Population growth much closer to home than I thought
Once population control was a no-go topic in nice, liberal circles. For good reason: it leads to distinctly uncomfortable discussions, such as abortion, eugenics, one-child policy and the killing of baby girls.
But with the birth of the seven billionth child some time today, according to the UN - and what this implies for the planet - population control has become acceptable dinner table banter.
The rate of the world's population growth is spectacular. In a New Yorker magazine editorial, Edward O Wilson is quoted referring to the pattern of the 20th century's human population growth as "more bacterial than primate".
What does a ballooning population mean for Earth? Well, there will be increased pressure on finite resources, like water, land and food. It gets worse because many people are also getting richer and consuming more.
Which all means that there will be more carbon dioxide and other greenhouse gas emissions .
I knew some of this when starting my family. But I went ahead and had one planned baby, and then another. Two is a good replacement number and should be enough to satisfy maternal instincts.
I wasn't convinced. The third wasn't really planned. We call her our careless glipsie. But we all know the possible outcome of shared bodily activities, so it's a bit disingenuous to say she was unplanned.
I have contributed to three of the seven billion people on the planet. I am proud of my children. But I am not proud of what their futures may look like. Food shortages. Water wars. Unstable weather.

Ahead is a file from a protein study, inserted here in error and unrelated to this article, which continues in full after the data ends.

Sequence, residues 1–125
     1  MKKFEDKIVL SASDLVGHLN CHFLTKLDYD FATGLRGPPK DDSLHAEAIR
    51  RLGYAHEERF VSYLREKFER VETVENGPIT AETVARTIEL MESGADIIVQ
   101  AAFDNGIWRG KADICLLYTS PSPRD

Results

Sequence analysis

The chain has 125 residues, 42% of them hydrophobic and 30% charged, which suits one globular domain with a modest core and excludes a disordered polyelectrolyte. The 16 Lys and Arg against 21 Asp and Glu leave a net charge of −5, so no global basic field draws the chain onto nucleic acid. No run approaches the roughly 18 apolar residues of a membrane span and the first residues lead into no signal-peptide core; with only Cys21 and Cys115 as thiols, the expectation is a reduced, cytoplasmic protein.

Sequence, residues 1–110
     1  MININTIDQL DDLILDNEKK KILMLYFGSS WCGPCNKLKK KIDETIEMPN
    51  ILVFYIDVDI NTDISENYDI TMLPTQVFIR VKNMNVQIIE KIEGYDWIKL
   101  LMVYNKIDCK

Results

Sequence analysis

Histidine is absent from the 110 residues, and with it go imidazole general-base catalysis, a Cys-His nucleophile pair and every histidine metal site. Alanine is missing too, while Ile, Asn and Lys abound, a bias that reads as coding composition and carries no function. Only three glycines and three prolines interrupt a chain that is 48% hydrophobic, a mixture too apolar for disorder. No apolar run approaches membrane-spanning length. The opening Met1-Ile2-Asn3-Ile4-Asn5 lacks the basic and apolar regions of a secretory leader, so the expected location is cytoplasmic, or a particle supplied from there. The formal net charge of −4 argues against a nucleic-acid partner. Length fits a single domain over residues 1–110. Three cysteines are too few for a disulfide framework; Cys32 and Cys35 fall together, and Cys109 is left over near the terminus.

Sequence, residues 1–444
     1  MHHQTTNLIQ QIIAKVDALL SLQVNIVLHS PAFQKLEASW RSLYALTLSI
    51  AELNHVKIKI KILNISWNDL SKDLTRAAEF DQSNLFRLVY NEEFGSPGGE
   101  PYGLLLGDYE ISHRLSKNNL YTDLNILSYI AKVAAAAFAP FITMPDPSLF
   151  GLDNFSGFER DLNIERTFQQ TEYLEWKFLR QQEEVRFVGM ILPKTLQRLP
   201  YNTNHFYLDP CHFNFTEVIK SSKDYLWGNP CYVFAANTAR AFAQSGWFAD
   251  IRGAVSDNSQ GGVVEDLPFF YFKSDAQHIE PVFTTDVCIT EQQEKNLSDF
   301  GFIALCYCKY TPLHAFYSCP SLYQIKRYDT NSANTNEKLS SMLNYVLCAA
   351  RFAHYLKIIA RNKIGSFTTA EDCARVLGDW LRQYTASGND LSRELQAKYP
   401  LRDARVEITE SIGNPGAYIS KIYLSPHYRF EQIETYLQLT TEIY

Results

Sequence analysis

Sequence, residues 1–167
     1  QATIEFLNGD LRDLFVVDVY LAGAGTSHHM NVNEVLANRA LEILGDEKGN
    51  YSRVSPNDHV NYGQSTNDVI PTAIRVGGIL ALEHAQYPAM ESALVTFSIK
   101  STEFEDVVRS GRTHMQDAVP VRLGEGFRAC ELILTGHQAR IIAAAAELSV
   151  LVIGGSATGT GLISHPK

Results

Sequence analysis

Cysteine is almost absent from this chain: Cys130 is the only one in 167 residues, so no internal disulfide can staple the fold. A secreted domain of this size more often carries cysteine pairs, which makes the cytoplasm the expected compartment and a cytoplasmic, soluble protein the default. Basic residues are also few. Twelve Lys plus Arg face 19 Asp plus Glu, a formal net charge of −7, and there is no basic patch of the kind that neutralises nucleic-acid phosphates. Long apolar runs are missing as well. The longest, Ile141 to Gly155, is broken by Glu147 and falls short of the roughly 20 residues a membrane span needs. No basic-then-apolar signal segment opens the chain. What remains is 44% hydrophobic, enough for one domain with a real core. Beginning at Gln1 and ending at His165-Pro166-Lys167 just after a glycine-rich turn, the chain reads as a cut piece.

Last week we saw Julius Malema lead thousands of people to Pretoria on what he called "a long walk to economic freedom".
I presume it was in the spirit of the international Occupy Wall Street Protests against financial greed and corruption that the ANC Youth League leader organised the politically very successful march. The youth marched to deliver memorandums to the Chamber of Mines, the Johannesburg Stock Exchange and the Union Buildings.
The league is complaining about unemployment, poverty and privately owned mines. It is calling for nationalisation and skills programmes for the unemployed.
What is heartbreaking about this march, and about the future of our children, is that in an increasingly overpopulated world, good jobs and adequate food may become progressively more difficult to get.
So, back to the question of population control. Who knows how this difficult topic will be addressed?
But I do realise that although I am privileged to have had my three children, I accept that it is unlikely I'll be having nine grandchildren.